Since you know what the first three numbers are, it boils down to how many possible ways the last 4 digits can be.
You can't apply nCn or nPn because there's no constraint that the digits must be unique.
How can I solve this problem without using the fundamental counting principle?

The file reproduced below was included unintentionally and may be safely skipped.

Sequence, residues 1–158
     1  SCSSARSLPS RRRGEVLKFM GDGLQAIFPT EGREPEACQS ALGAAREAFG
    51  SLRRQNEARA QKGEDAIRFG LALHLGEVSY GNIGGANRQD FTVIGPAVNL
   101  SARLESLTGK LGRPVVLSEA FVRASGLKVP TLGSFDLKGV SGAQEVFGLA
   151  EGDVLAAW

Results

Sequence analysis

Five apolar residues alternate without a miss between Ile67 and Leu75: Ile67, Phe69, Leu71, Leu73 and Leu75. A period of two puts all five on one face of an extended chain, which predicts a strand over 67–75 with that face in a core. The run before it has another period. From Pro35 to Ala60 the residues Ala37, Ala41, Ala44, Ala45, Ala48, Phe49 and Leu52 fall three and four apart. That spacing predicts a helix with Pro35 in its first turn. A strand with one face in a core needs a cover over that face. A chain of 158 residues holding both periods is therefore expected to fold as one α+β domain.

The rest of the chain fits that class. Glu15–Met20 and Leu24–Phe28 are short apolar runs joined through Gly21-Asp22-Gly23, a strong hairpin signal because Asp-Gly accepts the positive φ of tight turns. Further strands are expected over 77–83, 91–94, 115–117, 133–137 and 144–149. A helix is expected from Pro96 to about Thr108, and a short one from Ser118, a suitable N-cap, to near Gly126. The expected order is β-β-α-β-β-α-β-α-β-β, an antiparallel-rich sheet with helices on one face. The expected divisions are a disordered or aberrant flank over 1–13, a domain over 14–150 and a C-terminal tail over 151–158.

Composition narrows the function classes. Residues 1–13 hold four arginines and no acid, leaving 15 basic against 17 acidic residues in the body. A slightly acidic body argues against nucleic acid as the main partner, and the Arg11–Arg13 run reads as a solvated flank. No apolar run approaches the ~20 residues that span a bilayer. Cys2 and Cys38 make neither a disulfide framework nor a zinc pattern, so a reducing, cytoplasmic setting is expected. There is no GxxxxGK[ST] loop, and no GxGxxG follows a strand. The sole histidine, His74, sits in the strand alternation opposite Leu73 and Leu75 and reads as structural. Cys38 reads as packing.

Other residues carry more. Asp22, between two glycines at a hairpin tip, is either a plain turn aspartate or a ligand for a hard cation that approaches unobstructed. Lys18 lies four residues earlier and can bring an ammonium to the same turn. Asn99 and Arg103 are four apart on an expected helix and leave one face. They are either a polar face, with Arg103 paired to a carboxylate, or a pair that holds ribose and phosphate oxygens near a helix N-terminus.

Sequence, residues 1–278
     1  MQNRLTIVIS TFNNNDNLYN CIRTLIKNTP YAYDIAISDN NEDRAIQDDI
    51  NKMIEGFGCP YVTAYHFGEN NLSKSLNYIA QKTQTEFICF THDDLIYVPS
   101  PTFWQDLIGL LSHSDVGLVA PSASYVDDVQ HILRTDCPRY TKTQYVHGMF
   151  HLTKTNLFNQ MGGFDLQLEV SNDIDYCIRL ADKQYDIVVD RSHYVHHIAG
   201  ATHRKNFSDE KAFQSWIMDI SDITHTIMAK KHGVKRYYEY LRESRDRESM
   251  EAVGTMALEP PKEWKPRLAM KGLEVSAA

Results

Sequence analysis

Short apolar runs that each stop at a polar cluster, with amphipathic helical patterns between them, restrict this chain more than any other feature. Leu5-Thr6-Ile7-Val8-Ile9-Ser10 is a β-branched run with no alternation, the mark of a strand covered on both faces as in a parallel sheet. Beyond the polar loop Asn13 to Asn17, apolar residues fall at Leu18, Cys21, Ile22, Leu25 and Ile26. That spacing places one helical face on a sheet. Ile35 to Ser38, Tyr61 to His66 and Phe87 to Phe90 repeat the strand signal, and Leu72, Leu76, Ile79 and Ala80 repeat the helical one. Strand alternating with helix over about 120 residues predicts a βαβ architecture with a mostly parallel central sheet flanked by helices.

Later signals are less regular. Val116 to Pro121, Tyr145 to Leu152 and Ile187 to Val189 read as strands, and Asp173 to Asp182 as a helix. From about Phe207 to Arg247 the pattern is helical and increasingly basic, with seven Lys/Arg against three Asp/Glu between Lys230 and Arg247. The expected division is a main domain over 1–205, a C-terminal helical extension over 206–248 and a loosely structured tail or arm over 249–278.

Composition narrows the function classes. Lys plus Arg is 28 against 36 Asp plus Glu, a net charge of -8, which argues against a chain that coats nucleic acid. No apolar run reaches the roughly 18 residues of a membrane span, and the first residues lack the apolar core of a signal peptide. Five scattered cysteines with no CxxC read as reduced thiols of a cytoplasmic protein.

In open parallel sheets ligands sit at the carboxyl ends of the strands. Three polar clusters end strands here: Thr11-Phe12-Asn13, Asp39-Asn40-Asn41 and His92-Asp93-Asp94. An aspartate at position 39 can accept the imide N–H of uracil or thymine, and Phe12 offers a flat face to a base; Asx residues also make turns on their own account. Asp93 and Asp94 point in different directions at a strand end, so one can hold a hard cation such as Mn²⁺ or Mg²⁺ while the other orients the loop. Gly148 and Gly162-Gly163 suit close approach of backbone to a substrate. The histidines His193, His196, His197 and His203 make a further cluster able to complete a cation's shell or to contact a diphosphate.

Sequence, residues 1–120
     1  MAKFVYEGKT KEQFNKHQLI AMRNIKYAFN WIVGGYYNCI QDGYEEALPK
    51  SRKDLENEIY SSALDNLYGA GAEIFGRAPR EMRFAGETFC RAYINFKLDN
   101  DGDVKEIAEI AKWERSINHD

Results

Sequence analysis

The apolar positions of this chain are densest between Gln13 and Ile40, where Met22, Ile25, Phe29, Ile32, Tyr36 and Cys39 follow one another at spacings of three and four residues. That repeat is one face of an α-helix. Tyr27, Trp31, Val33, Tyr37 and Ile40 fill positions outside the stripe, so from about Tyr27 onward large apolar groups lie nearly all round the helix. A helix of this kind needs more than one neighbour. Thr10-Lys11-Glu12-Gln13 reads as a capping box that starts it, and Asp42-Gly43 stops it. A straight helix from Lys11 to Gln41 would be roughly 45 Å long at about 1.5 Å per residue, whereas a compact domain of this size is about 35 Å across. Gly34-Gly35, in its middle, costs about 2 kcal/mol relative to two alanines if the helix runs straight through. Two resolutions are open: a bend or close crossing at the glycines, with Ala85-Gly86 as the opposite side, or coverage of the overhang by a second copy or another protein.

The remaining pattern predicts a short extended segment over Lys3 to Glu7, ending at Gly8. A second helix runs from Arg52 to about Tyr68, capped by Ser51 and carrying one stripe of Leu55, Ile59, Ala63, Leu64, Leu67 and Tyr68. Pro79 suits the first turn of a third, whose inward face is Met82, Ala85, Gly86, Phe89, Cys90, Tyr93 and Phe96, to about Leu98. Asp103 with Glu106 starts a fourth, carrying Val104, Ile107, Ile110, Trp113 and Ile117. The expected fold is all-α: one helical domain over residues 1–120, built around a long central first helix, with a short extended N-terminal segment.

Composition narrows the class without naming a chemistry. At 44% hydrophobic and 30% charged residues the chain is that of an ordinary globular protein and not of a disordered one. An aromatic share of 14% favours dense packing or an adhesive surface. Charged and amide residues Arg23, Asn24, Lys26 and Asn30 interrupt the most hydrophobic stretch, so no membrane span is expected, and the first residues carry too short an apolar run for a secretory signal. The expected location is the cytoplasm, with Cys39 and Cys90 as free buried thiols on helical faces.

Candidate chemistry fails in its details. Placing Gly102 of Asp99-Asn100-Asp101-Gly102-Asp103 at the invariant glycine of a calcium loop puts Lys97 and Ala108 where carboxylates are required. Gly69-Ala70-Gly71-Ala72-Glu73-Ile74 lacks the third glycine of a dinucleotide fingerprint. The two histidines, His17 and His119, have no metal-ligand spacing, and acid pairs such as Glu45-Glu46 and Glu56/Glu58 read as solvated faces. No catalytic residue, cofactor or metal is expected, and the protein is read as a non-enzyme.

The 7-digit phone numbers in a city all have 661 as the first three digits. How many phone numbers are possible?
I was told this is a permutation NOT a combination word problem.
In that case, can I apply nPn or nPr. If not, why not?